TV column for Friday, Sept. 18

p.m., ABC.

Each year, the American Latino Media
Awards offer a strong night of music and glitter. This year's show
gets a better time time-slot than usual – and precedes a fresh
surge of Latino interest.

Coming up on cable are George Lopez's
late-night talk show in November and Soledad O'Brien's two-night
Latino documentary in October; also in October is PBS' two-night look
at Latino music. First, ALMA has Lopez as co-host (with Eva Longoria
Parker), O'Brien as a presenter and music by Shakira, David
Archuleta, Nelly Furtado, Sean Kingsley and Pitbull.

season-opener, 10 p.m., Starz.

Like the movie, this series is based on
mismatched lives crashing together.

Only a few key characters are back from
the first season. Ben (Dennis Hopper) is out of rehab and deep into
grief for his slain daughter. There's also Anthony, his assistant;
Inez, a beautiful Gypsy; and Kenny, a cop who lost his marriage and
job after an affair.

Now more collisions begin. Inez is
living with Jimmy, a squirmy gambler. Kenny is the security guard at
a mini-mall, where Bo – once a big-league pitching prospect –
works at his mom's fading store. Seth (Eric Roberts), a mogul
launching a football franchise, stops at that mall, putting events in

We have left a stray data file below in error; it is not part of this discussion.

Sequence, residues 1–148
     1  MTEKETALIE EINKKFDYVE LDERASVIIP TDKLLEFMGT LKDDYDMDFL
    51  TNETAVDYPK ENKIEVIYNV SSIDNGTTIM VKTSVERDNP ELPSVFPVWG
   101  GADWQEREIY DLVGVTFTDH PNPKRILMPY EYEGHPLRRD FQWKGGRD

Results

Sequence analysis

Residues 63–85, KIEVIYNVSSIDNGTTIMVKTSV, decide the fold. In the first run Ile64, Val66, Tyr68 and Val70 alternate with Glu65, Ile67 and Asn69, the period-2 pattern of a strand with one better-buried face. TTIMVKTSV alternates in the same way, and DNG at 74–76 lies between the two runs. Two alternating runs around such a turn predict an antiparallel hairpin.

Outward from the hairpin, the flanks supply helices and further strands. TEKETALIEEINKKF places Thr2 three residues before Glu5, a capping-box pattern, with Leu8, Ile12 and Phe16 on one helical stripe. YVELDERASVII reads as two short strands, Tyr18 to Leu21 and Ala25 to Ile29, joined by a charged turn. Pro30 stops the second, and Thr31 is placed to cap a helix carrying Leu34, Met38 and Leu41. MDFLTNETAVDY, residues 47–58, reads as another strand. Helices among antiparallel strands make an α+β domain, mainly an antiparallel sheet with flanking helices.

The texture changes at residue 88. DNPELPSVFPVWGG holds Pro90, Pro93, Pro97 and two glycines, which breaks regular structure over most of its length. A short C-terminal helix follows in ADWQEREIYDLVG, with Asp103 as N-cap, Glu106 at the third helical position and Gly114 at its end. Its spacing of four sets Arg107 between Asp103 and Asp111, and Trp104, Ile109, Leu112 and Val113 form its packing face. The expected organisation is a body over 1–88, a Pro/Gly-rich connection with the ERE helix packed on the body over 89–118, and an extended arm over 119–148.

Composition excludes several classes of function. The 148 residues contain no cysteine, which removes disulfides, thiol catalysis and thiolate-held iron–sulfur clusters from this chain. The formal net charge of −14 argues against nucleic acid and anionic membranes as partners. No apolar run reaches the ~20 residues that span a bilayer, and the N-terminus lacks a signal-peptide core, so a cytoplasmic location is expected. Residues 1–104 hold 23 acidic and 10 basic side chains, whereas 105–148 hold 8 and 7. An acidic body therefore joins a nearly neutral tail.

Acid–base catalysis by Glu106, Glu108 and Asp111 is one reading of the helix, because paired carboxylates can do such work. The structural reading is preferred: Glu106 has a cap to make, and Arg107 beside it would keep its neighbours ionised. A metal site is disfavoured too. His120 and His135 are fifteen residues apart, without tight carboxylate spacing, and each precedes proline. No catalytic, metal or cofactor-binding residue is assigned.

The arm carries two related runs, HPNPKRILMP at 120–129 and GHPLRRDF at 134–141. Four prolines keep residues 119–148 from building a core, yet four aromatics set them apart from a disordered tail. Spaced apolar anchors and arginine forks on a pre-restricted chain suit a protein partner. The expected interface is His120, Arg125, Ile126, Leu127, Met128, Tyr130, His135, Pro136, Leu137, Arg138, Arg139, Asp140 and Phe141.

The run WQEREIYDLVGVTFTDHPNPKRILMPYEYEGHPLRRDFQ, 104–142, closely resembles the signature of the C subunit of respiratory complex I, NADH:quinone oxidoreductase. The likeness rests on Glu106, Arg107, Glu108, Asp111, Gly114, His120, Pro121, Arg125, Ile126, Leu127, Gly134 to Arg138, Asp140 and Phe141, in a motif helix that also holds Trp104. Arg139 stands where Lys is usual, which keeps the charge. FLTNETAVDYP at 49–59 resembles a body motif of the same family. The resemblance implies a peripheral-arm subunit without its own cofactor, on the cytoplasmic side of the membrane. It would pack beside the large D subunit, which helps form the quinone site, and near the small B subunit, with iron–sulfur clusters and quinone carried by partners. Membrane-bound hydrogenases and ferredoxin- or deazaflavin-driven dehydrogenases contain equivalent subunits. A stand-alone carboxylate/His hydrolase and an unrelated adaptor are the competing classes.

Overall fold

There's a sameness here – a sense of
desperation to the characters. Still, you'll find them interesting
people to spend some time with.

Other choices include:

– “Dateline,” 8-10 p.m., NBC. The
network is stretching to make sure it doesn't have any low-viewership
shows leading into the early episodes of “The Jay Leno Show.” It
won't start the “Law & Order” season until next week and
won't start “Southland” until Oct. 23.

– “Are You Smarter That a 5th
Grader,” 8 p.m., Fox. Next week, this show trims back to a
half-hour and slides over to cable's CMT (Country Music Television).
First, however, is a final Fox hour; George Smoot – a Nobel
Prize-winning astrophysicist – tries to prove he's smarter than
grade-school kids.

– “Ghost Whisperer,” 8 p.m., CBS.
Shortly before her baby is born, Melinda gets an unsettling visit
from a ghost, in this rerun.

– “Medium,” 9 p.m., CBS. Here's a
rerun of the season-finale that jolted viewers when it first aired
last spring (on NBC). Allison dreams of her family being killed by a
mystery man. Soon, she's tracking a drug-cartel assassin; she also
faces an illness.

– “Glee” (Fox) or “The